This week, more about China as the situation keeps evolving.
French winemakers are nervously waiting to see what the Communist Chinese Government’s reaction is to the fact that French parliament passed a unanimous resolution supporting Taiwan’s participation in global organisations including the WHO. Given how severely Australian wine was punished due to the Australian Government calling for a full investigation into Covid-19, the French winemakers probably have good cause to be very nervous indeed.
For the last century, until 2019, France was the biggest exporter of wine to China. Then briefly before being banished, Australia took the mantle, then it fell back upon France. It is almost impossible to calculate what the true export figures are due to the pandemic and other factors, however, the French wine sales to China are somewhere between the equivalent of $1.25 and $1.75 billion Australian dollars, which, like it did for us, would represent a massive loss to the French wine industry.
This, at a time when China is massively pushing its own wine industry to its population. As reported earlier, President Xi Jinping visited Ningxia and is pushing for the Chinese to drink Chinese wine rather than imported wine. To this end the, “People’s Government of the Ningxia Hui Autonomous Region”, in May published that it is aiming to have 100,000 hectares of vineyards, producing 600 million bottles of wine by 2035 – which would be more than what all of China is currently producing.
The report outlines a strategy of “building a modern wine industry with higher product quality, stronger core competitiveness, wider brand influence, deeper industrial integration, greater efforts to open to the outside world and better ecological environment”.
So what does this all mean? Well if the Chinese Government react to the French the way they did to us, China will have lost (between Australia and France) 60-70% of its wine imports. Yes, smaller exporters will rush in to fill the void, but they will struggle to supply the volume of wines that are acceptable to the more savvy Chinese wine drinkers. You can almost hear the Chinese bureaucrat’s thinking – “we will fill the gap with Chinese wine”. Well no, that won’t happen – given that the local industry has seen a reduction in production and sales of nearly 50% in the last five years. Yes, some drinkers will switch over to local wines, but given the inherent mistrust in local products, it is much more likely that they will switch back to beer or Moutai, which have a proven track record.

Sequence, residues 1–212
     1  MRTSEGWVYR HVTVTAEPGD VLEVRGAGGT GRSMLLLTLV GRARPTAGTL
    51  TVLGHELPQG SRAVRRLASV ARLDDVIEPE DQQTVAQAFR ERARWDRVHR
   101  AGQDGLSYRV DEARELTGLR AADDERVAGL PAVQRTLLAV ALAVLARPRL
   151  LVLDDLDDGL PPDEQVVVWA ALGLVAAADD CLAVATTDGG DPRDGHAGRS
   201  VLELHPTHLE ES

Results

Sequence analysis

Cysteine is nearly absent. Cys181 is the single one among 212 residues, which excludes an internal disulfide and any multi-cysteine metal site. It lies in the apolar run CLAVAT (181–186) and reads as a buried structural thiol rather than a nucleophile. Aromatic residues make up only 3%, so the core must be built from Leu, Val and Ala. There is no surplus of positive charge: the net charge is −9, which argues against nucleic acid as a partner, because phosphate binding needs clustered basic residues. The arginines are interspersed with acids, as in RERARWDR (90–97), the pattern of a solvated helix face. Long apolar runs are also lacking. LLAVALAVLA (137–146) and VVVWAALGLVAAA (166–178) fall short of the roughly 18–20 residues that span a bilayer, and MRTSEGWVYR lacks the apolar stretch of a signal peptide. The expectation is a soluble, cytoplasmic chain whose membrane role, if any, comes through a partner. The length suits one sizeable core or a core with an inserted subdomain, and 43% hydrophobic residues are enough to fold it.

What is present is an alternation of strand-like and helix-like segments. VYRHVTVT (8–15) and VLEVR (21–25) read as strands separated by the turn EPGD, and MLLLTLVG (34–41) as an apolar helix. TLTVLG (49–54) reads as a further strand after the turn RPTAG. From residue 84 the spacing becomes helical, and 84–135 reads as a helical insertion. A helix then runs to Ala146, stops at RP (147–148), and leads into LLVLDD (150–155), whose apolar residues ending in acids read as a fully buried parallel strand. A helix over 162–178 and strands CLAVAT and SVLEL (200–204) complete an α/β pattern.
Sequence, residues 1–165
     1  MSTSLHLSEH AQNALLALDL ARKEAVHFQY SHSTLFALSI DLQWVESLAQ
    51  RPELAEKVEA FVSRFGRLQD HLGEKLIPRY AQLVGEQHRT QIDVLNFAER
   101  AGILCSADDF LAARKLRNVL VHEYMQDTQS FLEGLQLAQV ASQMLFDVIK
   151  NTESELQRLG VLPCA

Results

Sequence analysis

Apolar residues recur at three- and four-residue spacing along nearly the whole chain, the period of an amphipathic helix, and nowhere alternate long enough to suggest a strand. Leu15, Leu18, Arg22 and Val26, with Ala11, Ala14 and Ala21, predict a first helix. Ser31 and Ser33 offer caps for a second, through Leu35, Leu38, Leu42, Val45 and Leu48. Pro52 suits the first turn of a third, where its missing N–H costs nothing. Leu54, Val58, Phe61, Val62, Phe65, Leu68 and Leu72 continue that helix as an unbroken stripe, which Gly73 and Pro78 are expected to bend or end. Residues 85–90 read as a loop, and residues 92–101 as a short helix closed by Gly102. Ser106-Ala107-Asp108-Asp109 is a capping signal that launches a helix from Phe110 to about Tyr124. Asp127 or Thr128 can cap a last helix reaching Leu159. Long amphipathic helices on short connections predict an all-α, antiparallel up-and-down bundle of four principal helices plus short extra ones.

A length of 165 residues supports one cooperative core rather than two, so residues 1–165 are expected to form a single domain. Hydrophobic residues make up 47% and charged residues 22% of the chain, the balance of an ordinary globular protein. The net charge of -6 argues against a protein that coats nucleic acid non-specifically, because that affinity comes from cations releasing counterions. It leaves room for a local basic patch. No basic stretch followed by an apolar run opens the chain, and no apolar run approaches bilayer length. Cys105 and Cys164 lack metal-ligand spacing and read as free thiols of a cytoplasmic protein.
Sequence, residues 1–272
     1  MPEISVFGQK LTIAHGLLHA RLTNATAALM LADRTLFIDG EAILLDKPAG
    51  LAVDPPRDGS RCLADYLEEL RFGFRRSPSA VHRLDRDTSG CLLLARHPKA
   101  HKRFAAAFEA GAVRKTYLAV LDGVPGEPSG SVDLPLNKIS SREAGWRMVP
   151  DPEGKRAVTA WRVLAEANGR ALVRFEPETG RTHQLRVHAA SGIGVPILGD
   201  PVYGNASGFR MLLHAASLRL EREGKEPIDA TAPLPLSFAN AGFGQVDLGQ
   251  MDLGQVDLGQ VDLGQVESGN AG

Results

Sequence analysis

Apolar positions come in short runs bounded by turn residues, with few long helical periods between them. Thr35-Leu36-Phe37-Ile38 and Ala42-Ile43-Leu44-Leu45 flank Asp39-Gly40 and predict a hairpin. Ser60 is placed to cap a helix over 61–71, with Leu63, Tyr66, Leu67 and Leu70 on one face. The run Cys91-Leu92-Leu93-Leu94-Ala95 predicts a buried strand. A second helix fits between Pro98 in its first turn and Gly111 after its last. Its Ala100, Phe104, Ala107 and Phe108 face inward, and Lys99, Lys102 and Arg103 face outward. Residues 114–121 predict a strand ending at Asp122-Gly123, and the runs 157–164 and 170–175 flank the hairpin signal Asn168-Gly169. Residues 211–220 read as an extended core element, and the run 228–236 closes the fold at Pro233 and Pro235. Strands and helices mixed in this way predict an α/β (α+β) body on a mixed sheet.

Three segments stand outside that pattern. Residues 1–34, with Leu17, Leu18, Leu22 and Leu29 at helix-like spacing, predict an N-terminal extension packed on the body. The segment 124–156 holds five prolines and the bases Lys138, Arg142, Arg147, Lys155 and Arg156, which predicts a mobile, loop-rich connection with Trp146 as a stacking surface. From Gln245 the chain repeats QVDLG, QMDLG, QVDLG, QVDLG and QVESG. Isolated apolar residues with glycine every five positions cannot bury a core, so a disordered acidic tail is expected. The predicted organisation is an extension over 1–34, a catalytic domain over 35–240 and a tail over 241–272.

If this were to happen, it would be an even bigger disaster for the Australian wine industry, because all of a sudden we would have desperado French wineries competing more fiercely with us in all of our remaining markets. Whilst we can confidently compete with the French wine industry (as we did in China) on a quality and value basis, there would be a significant chance that either the French Government or the European Government (or both) would provide these wineries with substantial support benefits (ironically what the Chinese accused us of) allowing them to undercut us in many markets. Both these governments have in the past spent considerable funds (including on the distillation of grapes), in order to prop up the French wine industry, so it is very likely that they would do the same in this case.